But overall, it is so frustrating that there is just no sense of the sector’s strategic role. We’re facing a pandemic. The Chancellor has announced billions in support to cope with it. Who in government is communicating with the thousands of health charities, to integrate them into scenario planning? Who is communicating with the food banks, in case there are food shortages or people cannot pay for food because they’ve lost wages? Who is talking to the charitable care homes? Or the charities helping people with immune system difficulties?
Infuriatingly, the financial support on offer was almost exclusively framed as support for ‘businesses’. It’s now down to us to a) figure out whether charities are eligible and b) if not, start making the case. DSC and others have called for a fund and tax relief to support charities with cash flow problems so they don’t go under. The Budget did announce a new Business Interruption Loan Scheme to support access to bank lending and overdrafts, but are charities eligible? It’s not clear.
In the year 2020, any politician or policy-maker, whether in the Treasury a local council, should understand that there are diverse types of organisations in the economy apart from ‘business’ which employ people, pay taxes, have potential supply chain and cash flow problems, can’t easily get bank overdrafts, need bridging loans or financing, and will lose critical sources of revenue from fundraising and trading during a pandemic or economic downturn. Is this really too much to ask?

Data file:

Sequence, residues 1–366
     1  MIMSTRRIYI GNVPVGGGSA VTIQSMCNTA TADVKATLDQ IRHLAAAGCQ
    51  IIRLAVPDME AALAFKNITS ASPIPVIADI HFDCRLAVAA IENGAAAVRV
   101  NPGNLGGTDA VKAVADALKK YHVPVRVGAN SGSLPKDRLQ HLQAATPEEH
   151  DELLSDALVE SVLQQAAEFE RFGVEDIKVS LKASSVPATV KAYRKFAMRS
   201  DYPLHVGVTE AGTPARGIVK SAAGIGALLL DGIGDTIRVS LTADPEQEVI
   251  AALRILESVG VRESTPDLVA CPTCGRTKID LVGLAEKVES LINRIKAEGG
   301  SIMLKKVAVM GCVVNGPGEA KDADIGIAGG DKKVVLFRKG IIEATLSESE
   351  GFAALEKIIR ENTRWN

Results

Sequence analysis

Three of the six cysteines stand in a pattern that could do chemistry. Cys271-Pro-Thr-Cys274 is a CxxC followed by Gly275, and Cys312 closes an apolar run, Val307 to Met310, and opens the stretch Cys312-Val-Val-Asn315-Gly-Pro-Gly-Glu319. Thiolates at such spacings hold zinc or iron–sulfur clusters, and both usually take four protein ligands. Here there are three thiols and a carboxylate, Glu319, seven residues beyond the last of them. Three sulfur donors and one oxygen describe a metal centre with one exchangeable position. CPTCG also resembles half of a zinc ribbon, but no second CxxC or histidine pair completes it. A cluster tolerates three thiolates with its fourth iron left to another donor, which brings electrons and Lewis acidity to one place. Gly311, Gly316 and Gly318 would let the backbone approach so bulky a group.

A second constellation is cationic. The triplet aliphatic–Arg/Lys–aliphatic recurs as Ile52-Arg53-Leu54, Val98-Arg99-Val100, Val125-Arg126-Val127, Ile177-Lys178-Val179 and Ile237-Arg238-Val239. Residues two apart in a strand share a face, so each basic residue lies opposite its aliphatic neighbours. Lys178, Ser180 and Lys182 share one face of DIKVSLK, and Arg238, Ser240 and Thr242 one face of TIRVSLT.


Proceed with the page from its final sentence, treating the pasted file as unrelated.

Massive issues were kicked into long grass…again
This is an extraordinary situation, and the new Chancellor had to move swiftly to counter a potential economic and social crisis. Nevertheless, long-standing policy matters that affect not just charities but millions of people were punted yet again. For example:
- Local government finance – amidst all this spending, there’s no sense of how local government will fare past this year. Much depends on the Spending Review discussions currently underway which will start to be sewn up by the summer. The ongoing lack of certainty inhibits councils’ forward planning, and has a negative impact on thousands of local charities and their millions of beneficiaries.
- UK Shared Prosperity Fund – yet again there was little news on the promised successor fund to replace EU funding, apart from that further ‘plans’ will be announced at the Spending Review statement in the Autumn. By that point, we will have been discussing how to discuss what we theoretically might maybe want to achieve with this Fund for four years!
- Social Care – despite the emphasis in the major party election manifestos, and its inclusion in the coronavirus response funding, the long-term future of social care didn’t really feature. The Budget document simply noted that the Health Secretary had ‘written to Parliamentarians to begin building cross-party consensus’ about it. Which is kind of just one step up from ‘the dog ate my homework’, guv.
Budget document, briefings and blogs
Full 2020 Budget document, HM Treasury
Spring Budget 2020 Briefing, Charity Finance Group
Budget 2020: Things to welcome, but questions remain, National Council for Voluntary Organisations
Budget 2020: Implications for Charities, Charity Tax Group